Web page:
WASHINGTON - President Clinton's plan to eliminate the federal Guaranteed Student Loan program, which would end the need for tax-exempt student loan bonds, may not have the votes to pass in the Senate, an education lawmaker said yesterday.
"I think we're going to have a close vote" in the Senate Labor and Human Resources Committee and on the Senate floor on Clinton's plan to switch to a system of direct loans made and serviced by colleges, Sen. Paul Simon, D-Ill., told reporters. "There's likely to be a very real battle on this."
Simon, who has pushed for direct lending for years, spoke during a news conference he and Rep. Thomas E. Petri, R-Wis., called to criticize the lobbying tactics of the opponents of direct lending. The opponents include state education authorities, banks, and the Student Loan Marketing Association.
"It is absolutely outrageous that Sallie Mae, guarantee agencies, and other private parties who are profiting immensely from the current program are duping students into supporting their profits against the students' own interests." Petri said.
Simon said the vote will be close in the Senate partly because the opponents of direct lending "really have been going into action" against the proposal.
The two lawmakers and deputy education secretary Madeleine Kunin accused Sallie Mae of frightening students into believing that college tuition would increase and federal aid to college students would eventually evaporate if the present system were replaced by direct lending.
"There really is a very deliberate effort to raise uncalled-for fears that are not based on the facts. Kunin said.
Under the President's plan, the federal government would provide seed money to colleges to set up revolving loan funds for student aid. The new system would be phased in over four years, beginning in the 1994-95 academic year. All loans would be underwritten by the federal government.
Under current law, the federal government guarantees loans made to students by commercial banks, which in turn sell the loans to state higher education authorities. The authorities often finance those purchases with tax-exempt bonds. Education lobbyists say that switching to a direct loan program will eliminate the need for the state authorities and, in turn, for issuance of student loan bonds.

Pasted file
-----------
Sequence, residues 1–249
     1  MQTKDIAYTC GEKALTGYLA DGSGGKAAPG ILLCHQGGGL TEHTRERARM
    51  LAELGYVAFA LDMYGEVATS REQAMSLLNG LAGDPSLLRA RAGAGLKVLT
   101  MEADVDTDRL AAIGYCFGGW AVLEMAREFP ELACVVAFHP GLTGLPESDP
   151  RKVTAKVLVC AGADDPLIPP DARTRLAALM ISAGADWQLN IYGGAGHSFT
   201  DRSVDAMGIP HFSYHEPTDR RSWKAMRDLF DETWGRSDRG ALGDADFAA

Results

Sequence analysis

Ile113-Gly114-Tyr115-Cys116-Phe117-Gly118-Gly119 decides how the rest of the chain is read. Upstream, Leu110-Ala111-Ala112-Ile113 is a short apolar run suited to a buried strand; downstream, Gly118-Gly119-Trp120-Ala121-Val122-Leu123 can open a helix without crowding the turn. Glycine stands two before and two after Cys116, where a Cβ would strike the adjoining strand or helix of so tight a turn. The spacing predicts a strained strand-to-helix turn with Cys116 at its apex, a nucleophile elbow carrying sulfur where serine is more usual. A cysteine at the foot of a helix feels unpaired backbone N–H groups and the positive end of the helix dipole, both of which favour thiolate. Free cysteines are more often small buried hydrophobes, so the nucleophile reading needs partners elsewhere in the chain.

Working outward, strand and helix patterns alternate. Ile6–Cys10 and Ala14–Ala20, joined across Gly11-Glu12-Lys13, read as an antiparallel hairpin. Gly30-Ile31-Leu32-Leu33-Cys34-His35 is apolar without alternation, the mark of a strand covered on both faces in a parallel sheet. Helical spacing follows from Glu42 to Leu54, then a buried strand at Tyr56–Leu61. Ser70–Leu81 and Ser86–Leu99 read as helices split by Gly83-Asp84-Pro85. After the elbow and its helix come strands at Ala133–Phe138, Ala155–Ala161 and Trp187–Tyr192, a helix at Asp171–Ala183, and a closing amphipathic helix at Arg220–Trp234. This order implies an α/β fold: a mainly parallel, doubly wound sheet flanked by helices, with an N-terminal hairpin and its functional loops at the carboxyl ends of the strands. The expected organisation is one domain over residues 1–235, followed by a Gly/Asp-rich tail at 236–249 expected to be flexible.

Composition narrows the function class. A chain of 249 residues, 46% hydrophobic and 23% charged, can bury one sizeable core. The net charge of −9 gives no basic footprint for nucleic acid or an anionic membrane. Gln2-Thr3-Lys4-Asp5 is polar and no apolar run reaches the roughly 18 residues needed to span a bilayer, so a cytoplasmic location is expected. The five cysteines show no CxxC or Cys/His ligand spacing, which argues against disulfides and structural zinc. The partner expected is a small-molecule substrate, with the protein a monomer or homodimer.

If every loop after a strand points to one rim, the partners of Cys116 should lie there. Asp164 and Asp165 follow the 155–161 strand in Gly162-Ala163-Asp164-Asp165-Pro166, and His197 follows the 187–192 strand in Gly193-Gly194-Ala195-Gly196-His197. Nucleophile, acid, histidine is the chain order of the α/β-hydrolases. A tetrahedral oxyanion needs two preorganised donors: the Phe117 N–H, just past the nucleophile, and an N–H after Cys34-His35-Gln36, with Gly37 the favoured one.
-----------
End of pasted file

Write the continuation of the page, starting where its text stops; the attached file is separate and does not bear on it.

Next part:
Simon criticized state student loan bond issuers for spending huge amounts of money to hire high-powered Washington law firms to lobby on their behalf.
Citing one example, Simon said the New England Education Loan Marketing Corp. hired Patton, Boggs & Blow - one of the best-known lobbying firms in the capital. In addition, the Student Loan Funding Corp. of Ohio was billed $12,331 by the Washington firm of Clohan & Dean for lobbying against direct lending in the first quarter of 1993.
But opponents of direct lending said they have legitimate concerns about the President's plan. Debate over the proposal "has been conducted in a campaign of personal attacks attempting to discredit anyone who is raising questions about it," said John Dean, a partner with Clohan & Dean, which is also counsel to the Consumer Bankers Association.
Dean said banks "are unhappy about being described as unnecessary middlemen, and they genuinely believe this is a bad proposal," in part because they are not confident the Department of Education will be able to administer the program.
Mark Weadick, senior vice president of the Ohio authority, said the state agencies are all nonprofit entities whose primary mission is to foster access to higher education and who honestly believe the current system is more efficient.
In the House, Clinton's direct lending plan is part of a comprehensive budget and tax package that is scheduled for a vote tomorrow.
The House Education and Labor Committee approved the plan earlier this month because it had been charged by the House Budget Committee to find $4.5 billion in savings among the programs under its jurisdiction. The General Accounting Office has estimated that switching to direct loans would save the federal government $6 billion over five years.
The Senate Labor and Human Resources Committee has also been charged with finding $4.5 billion in savings among the federal education programs. Simon's remarks today indicated that it is unclear whether the panel will propose to save the money by switching to direct loans or try to cut costs within the current program. Under rules set by the Senate Budget Committee, the panel must act by June 18.
Last year, Congress approved a pilot program that is supposed to test the direct loan concept over a five-year period beginning next year. Earlier this year. Sen. Claiborne Pell, D-R.I., the labor and human resources panel chairman, said he was uncomfortable with the idea of abandoning the pilot program and moving immediately into a direct loan program.